VMworld 2016

Perks and swag

As I mentioned earlier, a lot of vendors are showing their products at the solutions exchange. Some of those vendors also bring nice goodies, especially if you are a vExpert or EUC Champ. I would like to thank Cohesity for their awesome VMworld-survival pack, nVIDIA for their great soft-shell jacket and Datrium for the Raspberry-Pi!

So, VMworld is over. Jetlag -mode is set to enabled and the normal life continues. Next Monday I will continue working on the most awesome project in my career. None of this wasn’t possible if I hadn’t made the choice of applying for a job at ITQ. So if you would like to live this crazy ITQ-life as well, maybe you should apply for a job.

VMworld 2016: What’s new in Horizon 7.0.2?

One of the two best weeks of the year is in progress. VMworld 2016 and this year’s US version is located in Las Vegas. traditionally, a lot of announcements were made around new features and new products. Let’s find out what’s new in Horizon 7.0.2.

Blast Extreme

  • Support for over 60 thin/zero clients by Dell, HP, Igel, 10ZIG, Fujitsu and Atrust
  • Grid GPU support for nVIDIA Grid K1, K2, M6, M10 and M60 cards including H.264 encoder option for lower CPU consumption and increased scalability (less latency, 4K support and 6-13% better FPS).
  • Bandwidth Optimization and controls (for stuff as bandwidth cap per user, H.264 encoder quality levels and audio level).
  • SteelHead support for application and networking optimization.
  • vRealize Operations support with session statistics (Round Trip Latency, encode frame rate, throughput and estimated bandwidth)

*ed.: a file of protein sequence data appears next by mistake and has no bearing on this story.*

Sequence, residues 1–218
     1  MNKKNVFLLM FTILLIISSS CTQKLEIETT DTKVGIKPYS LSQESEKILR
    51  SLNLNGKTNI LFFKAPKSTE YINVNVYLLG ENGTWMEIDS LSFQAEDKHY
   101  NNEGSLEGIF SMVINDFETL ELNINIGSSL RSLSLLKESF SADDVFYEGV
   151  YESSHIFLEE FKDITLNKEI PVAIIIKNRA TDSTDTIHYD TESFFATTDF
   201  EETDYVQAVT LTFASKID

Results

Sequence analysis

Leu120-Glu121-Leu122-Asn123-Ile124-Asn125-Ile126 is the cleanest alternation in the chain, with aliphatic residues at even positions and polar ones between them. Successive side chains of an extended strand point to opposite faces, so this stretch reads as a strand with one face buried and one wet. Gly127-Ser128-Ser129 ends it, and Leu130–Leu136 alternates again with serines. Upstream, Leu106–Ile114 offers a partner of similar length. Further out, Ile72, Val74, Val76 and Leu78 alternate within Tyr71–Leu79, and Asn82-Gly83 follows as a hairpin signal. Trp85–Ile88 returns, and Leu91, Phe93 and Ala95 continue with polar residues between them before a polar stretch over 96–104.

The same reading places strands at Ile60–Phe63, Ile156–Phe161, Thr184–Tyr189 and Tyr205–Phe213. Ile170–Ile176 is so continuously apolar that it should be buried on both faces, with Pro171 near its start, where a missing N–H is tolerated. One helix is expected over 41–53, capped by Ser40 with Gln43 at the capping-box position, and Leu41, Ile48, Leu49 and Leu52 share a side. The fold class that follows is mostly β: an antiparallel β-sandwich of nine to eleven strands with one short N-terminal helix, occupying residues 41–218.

• UEM SmartPolicies

UEM SmartPolicy

  • Intel vDGA Graphics support with Intel Skylake GPU

RDSH Hosted Apps

  • Realtime Audio/Video support for applications (webcam and audio support on HTML Access, Windows, Linux and MacOS).
  • Generic USB redirection support (windows client only).
  • Support parameter pass-through in RDSH apps (launch RDSH apps with dynamically generated parameters such as a SAML token).

Client improvements

  • URL content redirection for MacOS client.
  • Windows Media MMR is now supported for Linux-based Thin Clients

Horizon Linux Client

  • File upload and download for the HTML Access client
  • Windows 10 UWP client (supports client hardware like Raspberry Pi, several windows based thin clients and Hololens!)
  • The Android client will be ready for Nougat.
  • The iOS client will get iOS 10 support (including support for the Swiftpoint GT mouse, how cool is that!?)
  • Increased clipboard size for multiple clients
  • All clients have updated OpenSSL for enhanced security.

Furthermore:

  • Official Windows Server 2016 and Windows 10 support for Virtual Desktops and RDSH servers.
  • Ability to map one certificate to multiple accounts so one smartcard could be used one one certificate on that smartcard can be mapped to multiple users.
  • DPI Synchronization so remote content can be displayed pixel-to-pixel in 4K.